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Summary Infectious Agents And Immunity

Course
- Infectious Agents and Immunity
- Geluk
- 2021 - 2022
- Universiteit Leiden (Universiteit Leiden, Leiden)
- Biomedische Wetenschappen
164 Flashcards & Notes
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A snapshot of the summary - Infectious Agents and Immunity

  • 1 Viruses

    This is a preview. There are 20 more flashcards available for chapter 1

  • General structure of a virus
    Nucleic acid
    Nucleocapsid
    Sometimes an envelope with matrix and surface proteins
  • According to which 4 characteristics are viruses classified?
    - DNA or RNA genome
    - Enveloped or naked
    - Dimension (size)
    - Symmetry of nucleocapsid
  • What is the function of viral proteins? And name some examples
    Nucleocapsid protein, matrix protein, spike protein, enzymes
    The function of these viral proteins:
    - to protect the genome (nucleocapsid)
    - delivery of the genome to host cell (matrix)
    - enabling viral expression of genes (spike)
  • What symmetry can the capsid have?
    - Helical
    - Icosahedron
    • equivalence
    • quasi equivalence
    - complex
  • What is the function of matrix proteins?
    Link viral envelope with capsid, play a role in virus assembly
  • What is the receptor for SARS corona, measles, HIV and influenza
    SARS corona - ACE II
    Measles - CD46
    HIV - CD4, CCR4, CCR5
    Influenza - sialic acid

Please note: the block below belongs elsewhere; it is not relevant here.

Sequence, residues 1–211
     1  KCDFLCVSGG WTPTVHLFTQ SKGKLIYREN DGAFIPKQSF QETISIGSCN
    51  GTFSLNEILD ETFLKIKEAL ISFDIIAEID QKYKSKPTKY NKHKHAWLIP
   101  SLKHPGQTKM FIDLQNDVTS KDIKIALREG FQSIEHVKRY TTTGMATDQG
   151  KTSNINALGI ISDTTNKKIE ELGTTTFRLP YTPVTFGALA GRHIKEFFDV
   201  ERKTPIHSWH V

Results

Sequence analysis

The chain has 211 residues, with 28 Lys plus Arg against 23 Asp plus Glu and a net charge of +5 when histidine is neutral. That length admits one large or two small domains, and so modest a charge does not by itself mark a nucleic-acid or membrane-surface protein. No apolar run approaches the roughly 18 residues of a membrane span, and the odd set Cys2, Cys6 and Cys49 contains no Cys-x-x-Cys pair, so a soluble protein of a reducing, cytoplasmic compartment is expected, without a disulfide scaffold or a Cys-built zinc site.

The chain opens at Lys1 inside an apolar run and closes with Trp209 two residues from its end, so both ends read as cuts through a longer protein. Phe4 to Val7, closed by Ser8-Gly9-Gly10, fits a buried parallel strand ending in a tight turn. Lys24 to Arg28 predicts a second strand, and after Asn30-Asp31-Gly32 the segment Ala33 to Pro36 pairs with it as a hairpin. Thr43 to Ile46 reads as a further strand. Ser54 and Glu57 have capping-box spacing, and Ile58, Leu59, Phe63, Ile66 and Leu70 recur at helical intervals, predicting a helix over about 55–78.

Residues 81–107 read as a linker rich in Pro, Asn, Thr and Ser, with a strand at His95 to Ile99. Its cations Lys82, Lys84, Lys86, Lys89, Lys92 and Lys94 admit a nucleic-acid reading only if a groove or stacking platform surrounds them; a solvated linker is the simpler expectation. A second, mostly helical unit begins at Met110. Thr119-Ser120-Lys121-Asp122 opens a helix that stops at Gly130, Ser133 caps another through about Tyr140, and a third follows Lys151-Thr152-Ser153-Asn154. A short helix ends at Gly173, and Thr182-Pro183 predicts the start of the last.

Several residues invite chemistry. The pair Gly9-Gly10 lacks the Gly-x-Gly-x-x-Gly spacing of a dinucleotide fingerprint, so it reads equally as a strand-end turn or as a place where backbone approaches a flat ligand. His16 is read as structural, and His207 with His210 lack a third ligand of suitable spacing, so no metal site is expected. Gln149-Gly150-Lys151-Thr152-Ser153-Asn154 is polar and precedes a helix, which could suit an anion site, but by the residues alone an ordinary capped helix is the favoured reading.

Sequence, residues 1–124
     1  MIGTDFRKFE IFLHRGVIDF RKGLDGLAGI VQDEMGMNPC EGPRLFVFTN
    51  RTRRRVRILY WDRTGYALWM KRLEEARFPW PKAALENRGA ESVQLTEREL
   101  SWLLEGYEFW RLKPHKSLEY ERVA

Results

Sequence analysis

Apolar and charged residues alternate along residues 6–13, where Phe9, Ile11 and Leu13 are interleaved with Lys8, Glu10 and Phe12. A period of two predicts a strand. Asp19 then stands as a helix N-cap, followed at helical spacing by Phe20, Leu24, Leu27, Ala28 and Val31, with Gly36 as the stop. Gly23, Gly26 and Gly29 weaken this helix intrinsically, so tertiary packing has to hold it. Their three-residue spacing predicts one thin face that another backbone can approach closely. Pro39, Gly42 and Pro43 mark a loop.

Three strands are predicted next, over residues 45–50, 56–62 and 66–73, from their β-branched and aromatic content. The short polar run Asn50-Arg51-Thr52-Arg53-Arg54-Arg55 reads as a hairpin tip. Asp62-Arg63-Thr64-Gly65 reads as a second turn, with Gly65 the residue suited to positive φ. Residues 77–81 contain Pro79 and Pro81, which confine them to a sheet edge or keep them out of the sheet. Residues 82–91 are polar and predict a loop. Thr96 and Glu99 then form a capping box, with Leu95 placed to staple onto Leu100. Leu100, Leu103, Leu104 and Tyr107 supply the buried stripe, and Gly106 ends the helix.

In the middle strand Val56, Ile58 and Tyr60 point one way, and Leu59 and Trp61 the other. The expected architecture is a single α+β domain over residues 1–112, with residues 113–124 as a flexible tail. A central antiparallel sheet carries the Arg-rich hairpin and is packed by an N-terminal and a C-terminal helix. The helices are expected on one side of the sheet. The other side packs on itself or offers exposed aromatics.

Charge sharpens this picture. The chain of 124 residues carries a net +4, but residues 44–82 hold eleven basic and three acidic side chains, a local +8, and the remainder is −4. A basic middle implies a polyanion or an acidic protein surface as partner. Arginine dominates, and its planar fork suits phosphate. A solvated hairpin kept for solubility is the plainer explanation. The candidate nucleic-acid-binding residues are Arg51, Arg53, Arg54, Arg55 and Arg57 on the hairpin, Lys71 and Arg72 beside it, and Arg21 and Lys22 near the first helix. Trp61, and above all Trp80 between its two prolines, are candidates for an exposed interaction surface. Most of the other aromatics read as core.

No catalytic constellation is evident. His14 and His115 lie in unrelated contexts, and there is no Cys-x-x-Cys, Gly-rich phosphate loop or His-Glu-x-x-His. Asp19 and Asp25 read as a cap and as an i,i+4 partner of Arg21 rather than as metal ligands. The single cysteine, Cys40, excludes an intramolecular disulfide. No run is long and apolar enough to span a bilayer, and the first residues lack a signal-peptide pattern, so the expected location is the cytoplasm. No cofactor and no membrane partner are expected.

• There are two ways of membrane fusion for a virus to enter the host
    1. PH independent fusion with the plasma membrane
    Virus attaches to host cell and this causes a conformational change that induces the virus and plasma membrane to fuse. The capsid is released in the cell.
    2. Acid activated fusion
    Virus is endocytosed and the endosome fuses with a lysosome. The acidic pH in the lysosome causes activation of the viral fusion domain and the virus membrane fuses with the membrane of the lysosome. The nucleocapsid is released.

    Can be tested through the addition of NH4Cl
  • What is the general site where replication/transcription takes place for DNA and RNA viruses?
    DNA viruses in the nucleus, where they use host polymerases. The exception is poxvirus.
    RNA viruses usually replicate in the cytosol, they have to bring their own RdRp and use the ribosomes in the cytosol. Exception is the flu (influenza)

    RNA viruses in the cytoplasm cannot cut their mRNA (alternative splicing), because this normally takes place in the nucleus. They solve this by cutting the polyprotein (+RNA) or by subgenomic mRNA production (-RNA and +RNA).
  • General characteristics of DNA virus replication
    - viruses push cell to S phase / keep them in S phase
    - host provides some enzymes (DNA and RNA polymerase)
  • General characteristic of all RNA virus replication
    - Has to provide RdRp because host cell does not have this, they either encode this or bring it with hem

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